In the early 30 Europe - and the world - went through a financial and economic crisis of immeasurable dimensions.
What had begun in New York, an innocent Tuesday of October 1929, had spread rapidly in industrialized economies and tearing political systems in their way, causing mass unemployment, hyper-inflation (in some countries) and intense social and political upheaval.
It was understood that the basis of the capitalist system was behind this crisis, and people sought solutions to two new types of political regime, emerging in the 20’s: communism and fascism, especially the latter. The attraction of Fascism happened - also – because of its ability to respond to the crisis and, while providing a formula for stable government, of authoritarian character, to guarantee a degree of social peace (this in a time when many democratic governments were accused of not providing stability in government and where still supporting the capitalist model that had originated the "debacle of '29). This scenario interested many political scientists who were delighted with the division in the Old Continent between liberal democracies and authoritarian regimes.
Of course the big question was which political and ideological model could better resolve the international world crisis, and much of the subsequent discussion involved the definition of the state's role in economics, regulation of financial markets and the scope of the power of governments. It was an intense conflict, initially dominated by the fascist paradigm, and the effective democratic response only came after the election of Roosevelt in 1932, and the application of his "New Deal" (curiously, a program that many accused of being a socialist and statist).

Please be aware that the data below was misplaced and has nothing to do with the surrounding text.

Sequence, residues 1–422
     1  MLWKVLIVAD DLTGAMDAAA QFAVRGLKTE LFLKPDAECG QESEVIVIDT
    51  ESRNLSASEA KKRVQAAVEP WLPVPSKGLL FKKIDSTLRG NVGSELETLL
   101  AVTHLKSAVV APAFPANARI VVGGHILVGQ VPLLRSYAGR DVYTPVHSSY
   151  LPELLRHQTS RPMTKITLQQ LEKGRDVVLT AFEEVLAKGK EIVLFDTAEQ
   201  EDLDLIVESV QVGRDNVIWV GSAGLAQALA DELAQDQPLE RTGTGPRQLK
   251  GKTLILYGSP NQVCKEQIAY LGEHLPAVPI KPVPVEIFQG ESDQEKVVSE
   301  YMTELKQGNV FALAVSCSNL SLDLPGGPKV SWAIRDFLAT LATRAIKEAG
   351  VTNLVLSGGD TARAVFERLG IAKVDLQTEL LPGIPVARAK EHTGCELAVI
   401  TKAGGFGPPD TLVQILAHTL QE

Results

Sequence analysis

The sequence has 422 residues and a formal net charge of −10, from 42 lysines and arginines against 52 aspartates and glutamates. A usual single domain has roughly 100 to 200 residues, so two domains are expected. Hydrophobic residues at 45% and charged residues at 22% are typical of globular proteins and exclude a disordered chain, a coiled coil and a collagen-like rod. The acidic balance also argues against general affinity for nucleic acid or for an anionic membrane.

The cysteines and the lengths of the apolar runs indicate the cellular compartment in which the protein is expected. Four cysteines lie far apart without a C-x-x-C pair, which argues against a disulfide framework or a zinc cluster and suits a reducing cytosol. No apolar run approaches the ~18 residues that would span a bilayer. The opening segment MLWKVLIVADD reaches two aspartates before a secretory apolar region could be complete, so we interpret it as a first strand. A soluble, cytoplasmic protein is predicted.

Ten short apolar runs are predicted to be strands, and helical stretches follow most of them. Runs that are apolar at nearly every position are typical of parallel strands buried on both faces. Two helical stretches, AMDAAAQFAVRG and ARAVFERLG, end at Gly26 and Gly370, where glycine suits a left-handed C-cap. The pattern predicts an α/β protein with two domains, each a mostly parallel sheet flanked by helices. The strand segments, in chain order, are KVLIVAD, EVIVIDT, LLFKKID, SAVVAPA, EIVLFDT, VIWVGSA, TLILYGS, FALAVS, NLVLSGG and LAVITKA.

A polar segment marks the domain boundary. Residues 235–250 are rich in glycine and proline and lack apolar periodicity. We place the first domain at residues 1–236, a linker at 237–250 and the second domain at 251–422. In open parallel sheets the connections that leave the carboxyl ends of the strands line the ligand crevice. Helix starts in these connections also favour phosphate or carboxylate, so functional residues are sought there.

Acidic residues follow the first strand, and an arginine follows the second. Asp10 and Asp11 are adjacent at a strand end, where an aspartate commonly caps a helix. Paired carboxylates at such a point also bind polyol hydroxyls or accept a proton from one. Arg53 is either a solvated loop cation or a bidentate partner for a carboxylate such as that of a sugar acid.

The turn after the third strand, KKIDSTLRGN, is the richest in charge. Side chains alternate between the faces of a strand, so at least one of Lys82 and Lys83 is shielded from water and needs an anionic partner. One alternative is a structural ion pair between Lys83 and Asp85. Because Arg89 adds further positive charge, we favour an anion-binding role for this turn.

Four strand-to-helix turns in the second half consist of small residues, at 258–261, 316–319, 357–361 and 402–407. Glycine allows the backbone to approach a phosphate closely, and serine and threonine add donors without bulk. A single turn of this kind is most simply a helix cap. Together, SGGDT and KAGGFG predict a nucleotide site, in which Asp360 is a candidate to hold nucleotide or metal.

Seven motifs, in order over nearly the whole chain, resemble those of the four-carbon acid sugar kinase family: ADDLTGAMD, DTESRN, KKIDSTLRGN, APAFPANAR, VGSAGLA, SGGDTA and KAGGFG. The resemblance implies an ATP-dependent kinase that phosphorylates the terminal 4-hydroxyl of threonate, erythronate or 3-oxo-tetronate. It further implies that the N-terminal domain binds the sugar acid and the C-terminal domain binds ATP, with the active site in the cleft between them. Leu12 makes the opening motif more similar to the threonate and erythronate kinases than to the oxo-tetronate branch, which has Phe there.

80 years ago the struggle for the end of the crisis had clear ideological beacons. The pillars of the liberal model had been tattered and its hegemony was threatened by an authoritarian set of new proposals. The solution to the solvency of the capitalist model was opening the door to state intervention and a series of public policies inspired by social democrats (in the European sense of the term).
Today we live in a world post-liberal hegemony and we live in a new world crisis created by blind application of a set of neo-liberal policies. It doesn’t help to feel strange, then, that the solutions for our crises are been drawn almost exclusively from the liberal books. Until when? Do we have to see a new fascist threat (already existing in some countries of our Europe) to challenge again the liberal hegemony? Even more when we know that there are proposals of the socialist family ready to be put into practice, as a better and more effective regulation of international financial markets.
We know that 2010 is far from 1930, but we seem to have learned little from history. We need more policies of progressive inspiration to get out of the crisis, not obsessions with fighting the 'deficit' and liberal austerity plans.